5. Pausing/Silence—Usually, silence means they are thinking…and that’s what we want them to do!


GUIDELINES FOR SOCRATIC SEMINAR PARTICIPANTS
1. Refer to the text when needed during the discussion. A seminar is not a test of memory. You are not
    “learning a subject;” your goal is to understand ideas, issues and values reflected in the text.
2. It is OK to “pass” when asked to contribute (but you need to make at least 1 comment to receive credit.
3. Do not participate if you are not prepared. A seminar should not be a bull session
4. Do not stay confused; ask for clarification.
5. Stick to the point currently under discussion; make notes about ideas you want to come back to.
6. Don’t raise hands; take turns speaking.
7. Listen carefully to one another.
8. Speak so that everyone can hear you.
9. Talk to each other, not just to me.
10. Discuss ideas or issues, rather than each other’s opinions.
11. YOU are responsible for the seminar, even if you don’t know it or admit it (If the seminar sucks-that’s on
    you, if it rocks-that’s you too).

You will either receive or lose points for the following actions:
POSITIVE                                                                      NEGATIVE
-Taking a position                     -Asking a clarifying                   -Not paying attention
-Making a relevant                     question                               -Interrupting the seminar
comment                                -Making an analogy                     -Making an irrelevant
-Offering evidence to support your     -Recognizing a                         comment
position                               contradiction                          -Making a personal attack
-Drawing another person into the       -Recognizing an irrelevant comment     -Monopolizing
discussion



                                                                                                                 13
                                                       Franklin High School, Socratic Seminar
                                                                              August 27, 2007
                        Socratic Seminar Grade Sheet
                 Name




Behavior

Taking a Position


Making a relevant
comment


Evidence to support


Drawing another
person into
discussion


Clarifying Question


Analogy


Recognizing
Contradictions


Recognizing
irrelevant comments


Not paying attention


Interrupting


Irrelevant comment


Personal Attacks


Monopolizing


Total




                                                                                          14
                                                                   Franklin High School, Socratic Seminar
                                                                                          August 27, 2007
                                 Socratic Seminar Observer Form

Name:
Date:
Topic:

1. Indicate the names of Participants. Put a “+” after the person’s name each time he or she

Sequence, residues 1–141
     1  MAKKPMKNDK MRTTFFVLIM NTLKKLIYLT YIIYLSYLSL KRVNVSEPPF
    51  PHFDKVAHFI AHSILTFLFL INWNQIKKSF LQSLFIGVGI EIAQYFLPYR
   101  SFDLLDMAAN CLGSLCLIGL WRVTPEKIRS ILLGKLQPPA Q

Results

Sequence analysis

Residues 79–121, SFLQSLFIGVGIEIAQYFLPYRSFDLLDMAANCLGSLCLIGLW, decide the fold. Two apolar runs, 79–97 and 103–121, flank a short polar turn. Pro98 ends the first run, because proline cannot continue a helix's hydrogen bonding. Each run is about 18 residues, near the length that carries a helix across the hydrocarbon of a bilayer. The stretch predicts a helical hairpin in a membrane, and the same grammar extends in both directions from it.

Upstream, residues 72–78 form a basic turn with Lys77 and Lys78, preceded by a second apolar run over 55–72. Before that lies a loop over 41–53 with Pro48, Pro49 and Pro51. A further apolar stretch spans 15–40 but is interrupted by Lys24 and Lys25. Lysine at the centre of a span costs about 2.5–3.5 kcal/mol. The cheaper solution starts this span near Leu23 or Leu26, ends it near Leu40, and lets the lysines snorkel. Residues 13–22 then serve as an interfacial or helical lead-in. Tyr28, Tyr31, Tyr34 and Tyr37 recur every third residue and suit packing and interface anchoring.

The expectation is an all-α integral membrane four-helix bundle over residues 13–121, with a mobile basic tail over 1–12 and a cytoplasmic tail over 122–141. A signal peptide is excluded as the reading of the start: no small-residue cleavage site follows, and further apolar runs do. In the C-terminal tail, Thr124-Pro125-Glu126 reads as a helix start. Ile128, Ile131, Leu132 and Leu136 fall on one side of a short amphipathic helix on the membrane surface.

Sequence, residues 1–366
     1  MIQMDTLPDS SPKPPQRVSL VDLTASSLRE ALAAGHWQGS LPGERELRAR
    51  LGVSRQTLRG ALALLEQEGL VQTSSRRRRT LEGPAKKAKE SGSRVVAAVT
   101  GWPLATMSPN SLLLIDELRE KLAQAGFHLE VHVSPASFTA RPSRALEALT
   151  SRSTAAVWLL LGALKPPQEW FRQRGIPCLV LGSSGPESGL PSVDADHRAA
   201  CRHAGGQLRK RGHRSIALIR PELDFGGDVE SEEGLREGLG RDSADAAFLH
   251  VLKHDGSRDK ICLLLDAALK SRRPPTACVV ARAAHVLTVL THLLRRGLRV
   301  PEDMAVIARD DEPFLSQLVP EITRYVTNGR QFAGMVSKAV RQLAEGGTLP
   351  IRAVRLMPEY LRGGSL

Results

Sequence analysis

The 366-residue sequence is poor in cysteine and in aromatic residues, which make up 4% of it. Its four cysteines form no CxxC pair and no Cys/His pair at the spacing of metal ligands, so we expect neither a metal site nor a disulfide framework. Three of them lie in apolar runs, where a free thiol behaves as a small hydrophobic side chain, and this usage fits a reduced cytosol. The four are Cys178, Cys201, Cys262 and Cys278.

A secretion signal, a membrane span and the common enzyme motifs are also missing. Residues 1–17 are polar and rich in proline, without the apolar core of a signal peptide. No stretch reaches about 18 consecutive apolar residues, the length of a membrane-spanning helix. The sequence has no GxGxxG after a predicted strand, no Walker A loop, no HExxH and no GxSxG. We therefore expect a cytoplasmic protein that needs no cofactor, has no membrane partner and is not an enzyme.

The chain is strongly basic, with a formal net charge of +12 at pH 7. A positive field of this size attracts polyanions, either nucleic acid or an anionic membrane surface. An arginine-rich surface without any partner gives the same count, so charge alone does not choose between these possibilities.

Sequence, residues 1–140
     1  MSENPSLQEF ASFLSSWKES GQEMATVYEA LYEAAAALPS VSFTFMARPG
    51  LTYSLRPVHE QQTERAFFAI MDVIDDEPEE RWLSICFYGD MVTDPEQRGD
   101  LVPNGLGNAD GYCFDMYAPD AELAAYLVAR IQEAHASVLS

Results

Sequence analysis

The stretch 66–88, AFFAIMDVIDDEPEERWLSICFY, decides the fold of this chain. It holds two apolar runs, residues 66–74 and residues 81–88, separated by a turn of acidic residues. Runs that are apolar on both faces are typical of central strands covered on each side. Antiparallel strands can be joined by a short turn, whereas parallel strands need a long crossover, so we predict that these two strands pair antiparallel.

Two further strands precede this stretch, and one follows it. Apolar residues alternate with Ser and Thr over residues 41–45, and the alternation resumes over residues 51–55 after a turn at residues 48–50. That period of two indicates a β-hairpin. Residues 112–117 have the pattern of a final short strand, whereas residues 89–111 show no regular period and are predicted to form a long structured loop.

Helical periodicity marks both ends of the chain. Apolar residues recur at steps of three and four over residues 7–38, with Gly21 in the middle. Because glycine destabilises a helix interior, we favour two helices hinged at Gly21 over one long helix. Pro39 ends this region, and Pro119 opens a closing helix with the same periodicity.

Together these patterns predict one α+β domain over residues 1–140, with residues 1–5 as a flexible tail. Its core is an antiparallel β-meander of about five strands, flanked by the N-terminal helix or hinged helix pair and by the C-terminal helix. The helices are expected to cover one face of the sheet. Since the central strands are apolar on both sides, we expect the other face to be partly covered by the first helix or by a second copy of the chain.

contributes to the seminar




2. Record the main ideas, issues and values discussed OR

   Record what you heard or saw. Do not make judgments. Do not use any words like good, bad,
   great, terrible which indicate you are judging what occurred. Let your words serve as a camera,
   which only records what happens




                                                                                                      15
                                                                                   Franklin High School, Socratic Seminar
                                                                                                          August 27, 2007
                                            Socratic Seminar Video Observations

The purpose of the viewing of the Socratic Seminar video is not only to see a Seminar in action, but to enhance your
understanding of your own practice and leadership of Socratic Seminars. Before your viewing, think about a question that
you have about the leadership of Socratic Seminars. Is there a question that gnaws at you or that you feel some passion
about?

The goal of the observation is for everyone present to learn more about the practice of Socratic Seminar leadership, not to
critique what occurs in the video. You are watching to gain insight into a question that you have framed related to your
own leadership of Socratic Seminars. You are not watching to evaluate the leadership skills of the teacher. You are
observing to learn more about your practice of Socratic Seminar leadership.

Please keep a journal or notebook with your notes and reflections from your observation. Be sure to complete an entry for
each Seminar you view. These reflections (though private) will serve us in our collective dialogue, and we will use our
learning and these visits to shape our conversation.

My question is:

 Seminar 1
 What evidence do I see in this classroom that might address my question [or portions of my question]?




   What particular content or strategies in the Seminar are striking to me? Why?




    As I finish watching the video, what have I learned about myself as a teacher, about our students here at Franklin High
    School, or about teaching and learning? What new questions or insights do I have?




 Seminar 2
 What evidence do I see in this classroom that might address my question [or portions of my question]?